This huge art-swap tale was nearing its end. The only detail was that Armageddon Man, who was now a Cat Shaman, had become 4/3 or thereabouts, which was a little bit too large for your average leonin shaman. Meanwhile, the art of the cycling Giant Growth spell, now known as Resounding Roar, had come back looking more like a critter and less like a spell. It looked thusly:
So we made that final swap. We took the Nacatl warrior art and put it on Resounding Roar (which totally fits in my opinion—of course, the name helped) and put this enormous horned beastie onto Armageddon Man. Development wanted to make Armageddon Man smaller again (since it's important to be able to easily kill a critter that eats everybody's lands—and indeed, I don't know how many times I've floated mana to Magma Spray that thing) but I pleaded for it to stay bigger than the 2/2 humanoid range. Ultimately it stayed at 4/2 to justify remaining a land-stomping Beast, and the swap was finally complete.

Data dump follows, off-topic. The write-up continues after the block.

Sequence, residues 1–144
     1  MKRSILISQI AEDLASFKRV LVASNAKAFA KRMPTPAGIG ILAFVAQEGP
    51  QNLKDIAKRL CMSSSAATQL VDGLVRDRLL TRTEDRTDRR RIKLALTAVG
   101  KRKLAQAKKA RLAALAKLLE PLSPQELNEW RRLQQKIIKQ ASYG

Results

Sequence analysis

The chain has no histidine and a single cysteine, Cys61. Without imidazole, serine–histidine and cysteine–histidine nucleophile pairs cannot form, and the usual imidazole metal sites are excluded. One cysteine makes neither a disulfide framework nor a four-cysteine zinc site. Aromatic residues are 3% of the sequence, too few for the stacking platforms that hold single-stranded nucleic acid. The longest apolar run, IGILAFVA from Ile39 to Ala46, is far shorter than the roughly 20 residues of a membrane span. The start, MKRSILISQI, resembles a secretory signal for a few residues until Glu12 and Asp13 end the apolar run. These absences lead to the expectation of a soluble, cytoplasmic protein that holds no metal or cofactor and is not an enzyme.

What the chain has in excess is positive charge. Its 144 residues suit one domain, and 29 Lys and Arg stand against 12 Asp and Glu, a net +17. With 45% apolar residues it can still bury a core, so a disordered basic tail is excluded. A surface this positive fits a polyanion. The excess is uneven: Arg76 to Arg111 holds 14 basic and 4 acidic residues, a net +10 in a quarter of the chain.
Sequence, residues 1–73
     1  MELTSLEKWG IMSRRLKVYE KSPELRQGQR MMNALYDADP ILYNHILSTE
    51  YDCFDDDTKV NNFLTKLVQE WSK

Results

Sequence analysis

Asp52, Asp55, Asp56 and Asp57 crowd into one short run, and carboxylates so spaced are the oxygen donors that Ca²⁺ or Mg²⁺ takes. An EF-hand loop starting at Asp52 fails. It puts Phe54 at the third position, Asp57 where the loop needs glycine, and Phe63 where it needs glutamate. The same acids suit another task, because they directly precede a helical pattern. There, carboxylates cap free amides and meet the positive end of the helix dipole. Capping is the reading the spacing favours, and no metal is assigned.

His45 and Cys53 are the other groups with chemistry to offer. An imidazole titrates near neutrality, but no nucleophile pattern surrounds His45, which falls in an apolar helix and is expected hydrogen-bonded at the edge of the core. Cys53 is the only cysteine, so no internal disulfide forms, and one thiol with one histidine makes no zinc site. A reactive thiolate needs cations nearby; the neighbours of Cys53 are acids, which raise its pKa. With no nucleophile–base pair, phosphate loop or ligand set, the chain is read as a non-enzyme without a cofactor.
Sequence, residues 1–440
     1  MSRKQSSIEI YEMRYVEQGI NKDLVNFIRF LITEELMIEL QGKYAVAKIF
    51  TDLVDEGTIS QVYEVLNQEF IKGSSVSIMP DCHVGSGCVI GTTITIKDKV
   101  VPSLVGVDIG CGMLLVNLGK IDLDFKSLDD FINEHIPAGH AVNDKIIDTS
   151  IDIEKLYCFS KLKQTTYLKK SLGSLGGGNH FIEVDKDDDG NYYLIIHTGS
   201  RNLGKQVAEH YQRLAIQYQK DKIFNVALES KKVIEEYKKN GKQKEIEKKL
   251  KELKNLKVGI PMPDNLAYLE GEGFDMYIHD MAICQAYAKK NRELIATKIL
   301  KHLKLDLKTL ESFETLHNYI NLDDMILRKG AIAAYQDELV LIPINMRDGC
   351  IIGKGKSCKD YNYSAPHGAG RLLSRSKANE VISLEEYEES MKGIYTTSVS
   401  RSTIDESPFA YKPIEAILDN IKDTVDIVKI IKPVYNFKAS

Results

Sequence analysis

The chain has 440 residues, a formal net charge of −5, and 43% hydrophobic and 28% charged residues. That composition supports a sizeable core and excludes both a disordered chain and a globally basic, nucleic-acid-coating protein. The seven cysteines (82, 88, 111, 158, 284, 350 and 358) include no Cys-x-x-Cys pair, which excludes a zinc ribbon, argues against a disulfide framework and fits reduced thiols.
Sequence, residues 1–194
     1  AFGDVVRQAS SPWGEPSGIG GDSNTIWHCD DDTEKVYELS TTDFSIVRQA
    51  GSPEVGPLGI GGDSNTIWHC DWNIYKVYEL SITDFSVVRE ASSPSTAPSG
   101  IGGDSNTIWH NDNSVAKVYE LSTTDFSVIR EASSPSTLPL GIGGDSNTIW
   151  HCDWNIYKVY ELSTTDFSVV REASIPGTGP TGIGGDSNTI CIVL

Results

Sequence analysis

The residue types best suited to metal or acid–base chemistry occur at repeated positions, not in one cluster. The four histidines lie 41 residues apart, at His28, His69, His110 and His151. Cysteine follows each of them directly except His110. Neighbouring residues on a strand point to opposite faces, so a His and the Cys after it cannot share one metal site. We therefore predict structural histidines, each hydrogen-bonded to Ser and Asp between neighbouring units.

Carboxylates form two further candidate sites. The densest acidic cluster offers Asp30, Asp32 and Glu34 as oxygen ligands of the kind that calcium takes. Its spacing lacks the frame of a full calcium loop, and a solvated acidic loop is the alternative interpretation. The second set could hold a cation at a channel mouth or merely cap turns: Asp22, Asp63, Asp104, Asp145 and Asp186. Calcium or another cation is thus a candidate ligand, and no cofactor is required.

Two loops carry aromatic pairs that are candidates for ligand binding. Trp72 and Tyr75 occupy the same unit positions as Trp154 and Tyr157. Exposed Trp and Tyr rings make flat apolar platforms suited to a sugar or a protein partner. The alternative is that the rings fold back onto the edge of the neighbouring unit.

Letter of the Week
Subject: Who are you?
Dear Doug Beyer,
Ok, I didn't literally mean who are you. But what I wanted to know is...
1) What is your fave type of mana?
2) What is your fave card of all time?
3) What current deck are you using?
4) Can you give us a deck list of the names?
5) Do you have a myspace? facebook, youtube, etc...?
6) Do you do the column for a living?
7) If not, what do you do right now? And what did you want you want to do? And did you go to college? What were you trying to major in?
Thanks for the time reading this!